These ideas, various story lines (established by the narrator and minor narrators in shifting time periods) and philosophical conceits are held together by a simple structure: the book is an address to a mysterious woman identified as You, who has her own pages in the book. She appears to be the narrator's partner, and he wants to disclose, with fidelity, his shifting moods and obsessions that find expression in fantastic tales¨to reveal all, albeit in a quiet way. As in many people's lives, there are few startling events, but the interior life is lit up with activity, anxiety, pleasure, and this elaborate recollection is told in a prose that is fascinating to read. The afterword is useful and clearly written. Unt, who died in 2005, has been well served by Eric Dickens and by Dalkey.

Hidden Camera takes place in an unnamed city. The narrator, an undertaker waiting for retirement, is without a loved one, family, or friends. His acute sense of civic responsibility barely masks an intense fear of everything and everyone. Early on we are given a glimpse of his aquarium.

"The fish were only aware of my existence during the brief moments when I fed them, and then only as some impersonal force that acted kindly towards them for some unknown reason. In all other circumstances they didn't pay me the slightest attention.
I paid quite a bit of attention to them, however, although not as recognizable individuals with any feelings of attachment."

The passage is given to us for a reason: it suggests an analogous relationship between the narrator and the fish, and the narrator and Big Brother.
Returning home one evening, he finds an invitation to a movie house, but believing it's a marketing gimmick, he puts it aside. As he's about to prepare his supper, "something suddenly snap[s]," and he rushes off to make the evening show. This impromptu action is in fact typical of the narrator; though he thinks of himself as calm and restrained, he is hasty and easily swayed by his emotions. This one night completely disrupts the narrator's small and narrow life. In the darkness of the cinema, sitting next to an attractive woman (the only other person there), he watches a short film of himself seated on a familiar park bench. This footage is cleverly merged with separately filmed footage of the woman beside him. He concludes that some television show has hidden a camera and observed him; that it has, in fact, targeted him. What happens next becomes increasingly peculiar.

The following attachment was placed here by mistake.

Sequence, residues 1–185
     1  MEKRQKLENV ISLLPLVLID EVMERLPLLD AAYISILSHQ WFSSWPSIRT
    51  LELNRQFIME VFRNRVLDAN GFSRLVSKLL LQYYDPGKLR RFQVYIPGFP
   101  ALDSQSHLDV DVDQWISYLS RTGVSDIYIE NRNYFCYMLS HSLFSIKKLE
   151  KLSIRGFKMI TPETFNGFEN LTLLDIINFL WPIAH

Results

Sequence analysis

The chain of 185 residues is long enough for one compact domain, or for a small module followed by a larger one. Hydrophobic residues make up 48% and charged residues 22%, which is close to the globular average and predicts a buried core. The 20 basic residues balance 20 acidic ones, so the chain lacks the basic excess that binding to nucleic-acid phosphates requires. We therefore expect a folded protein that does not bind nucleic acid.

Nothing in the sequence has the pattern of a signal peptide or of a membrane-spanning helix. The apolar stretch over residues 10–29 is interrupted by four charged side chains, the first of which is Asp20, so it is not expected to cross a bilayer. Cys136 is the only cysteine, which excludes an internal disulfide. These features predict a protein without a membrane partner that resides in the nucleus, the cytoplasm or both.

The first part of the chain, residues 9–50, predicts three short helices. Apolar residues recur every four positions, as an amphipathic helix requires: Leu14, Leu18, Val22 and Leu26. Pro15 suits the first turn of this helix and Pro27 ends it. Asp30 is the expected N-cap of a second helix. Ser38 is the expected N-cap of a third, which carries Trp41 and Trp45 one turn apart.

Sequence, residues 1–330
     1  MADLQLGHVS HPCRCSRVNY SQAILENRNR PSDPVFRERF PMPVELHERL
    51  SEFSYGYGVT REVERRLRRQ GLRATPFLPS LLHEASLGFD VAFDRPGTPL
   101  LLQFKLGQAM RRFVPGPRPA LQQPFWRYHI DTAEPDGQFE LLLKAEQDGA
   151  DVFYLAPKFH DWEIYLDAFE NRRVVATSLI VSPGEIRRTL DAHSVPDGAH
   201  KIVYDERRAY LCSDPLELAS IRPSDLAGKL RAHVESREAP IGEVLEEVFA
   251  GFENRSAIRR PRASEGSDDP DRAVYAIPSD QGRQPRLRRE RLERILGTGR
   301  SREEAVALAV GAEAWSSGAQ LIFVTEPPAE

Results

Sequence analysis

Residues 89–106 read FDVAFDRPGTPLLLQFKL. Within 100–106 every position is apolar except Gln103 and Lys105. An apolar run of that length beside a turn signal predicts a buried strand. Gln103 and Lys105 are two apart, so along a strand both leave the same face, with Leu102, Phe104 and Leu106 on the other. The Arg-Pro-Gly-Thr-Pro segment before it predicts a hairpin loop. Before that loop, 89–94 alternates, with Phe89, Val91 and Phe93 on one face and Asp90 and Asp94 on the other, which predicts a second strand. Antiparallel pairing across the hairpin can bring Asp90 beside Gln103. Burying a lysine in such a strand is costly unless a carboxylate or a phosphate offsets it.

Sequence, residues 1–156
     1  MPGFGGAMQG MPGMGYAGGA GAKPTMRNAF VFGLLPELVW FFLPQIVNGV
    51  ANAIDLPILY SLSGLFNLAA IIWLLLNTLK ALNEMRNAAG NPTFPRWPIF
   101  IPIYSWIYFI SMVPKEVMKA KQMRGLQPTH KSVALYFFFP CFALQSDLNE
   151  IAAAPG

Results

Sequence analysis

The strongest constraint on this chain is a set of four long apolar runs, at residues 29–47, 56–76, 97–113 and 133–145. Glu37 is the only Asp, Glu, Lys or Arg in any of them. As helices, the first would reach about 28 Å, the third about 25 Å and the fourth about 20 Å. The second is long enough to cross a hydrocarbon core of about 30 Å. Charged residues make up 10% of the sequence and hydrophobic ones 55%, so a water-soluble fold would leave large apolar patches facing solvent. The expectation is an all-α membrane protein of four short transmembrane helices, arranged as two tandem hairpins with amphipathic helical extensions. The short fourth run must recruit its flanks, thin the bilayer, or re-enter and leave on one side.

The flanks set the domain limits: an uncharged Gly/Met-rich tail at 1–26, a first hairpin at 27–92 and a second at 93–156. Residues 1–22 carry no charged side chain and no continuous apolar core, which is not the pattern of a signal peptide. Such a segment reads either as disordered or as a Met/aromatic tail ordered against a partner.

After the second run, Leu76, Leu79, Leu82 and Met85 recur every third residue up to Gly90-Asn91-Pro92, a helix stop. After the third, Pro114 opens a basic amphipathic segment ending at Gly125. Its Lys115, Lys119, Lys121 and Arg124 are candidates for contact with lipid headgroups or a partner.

I won't detail the surprises that follow. What can be said, without giving much away, is that the realism with which the novel begins, slowly, naturally wanes and the narrative acquires a queasy, nightmarish quality before ending in fantasy. Slapstick humour, achieved through descriptions of the narrator's clumsy physical actions, and his stubborn insistence on proper comportment at all times, keep the reader at a distance. This turns out to be a positive thing.
In the opening pages the reader feels either like an "impersonal force" or like an engaged observer, convinced that she's smarter than the hapless schmo running around the city, trapped in one situation after another and worried all the while that he'll be arrested by the police or sued by the show's producers. Halfway through the book the narrator bravely, and foolishly, states, "Since I wasn't about to give up, what else could I do but continue the game without getting involved in its meaning, regardless of where it took me?" Unbeknownst to the reader, the narrator has certain feelings and convictions which inform his actions, especially in the last pages, and these take him to a place the reader is unable to follow. Zivkovic isn't interested in showing yet another victim of state machinery. Nor is he toying with his own creation. Something mysterious is visited upon the narrator¨it can't be said that he grows, although he does make some kind of transition¨but nothing is allowed to reveal the nub of it to us.
At the end the reader feels considerably less sure of his or her own footing than the narrator¨a reversal cleverly effected. Indeed, much of Hidden Camera¨with its fish tank perspective of being utterly controlled by mercurial but not necessarily ill-disposed Higher Powers¨is skilfully managed, with superb control of pace.
Things in the Night and Hidden Camera, both of which benefit from the efforts of sympathetic and proficient translators, present English readers with fine exemplars of translated contemporary works that are well worth acquiring. ˛

Jeff Bursey's Verbatim: A Novel has just been published by Jesperson Publishing.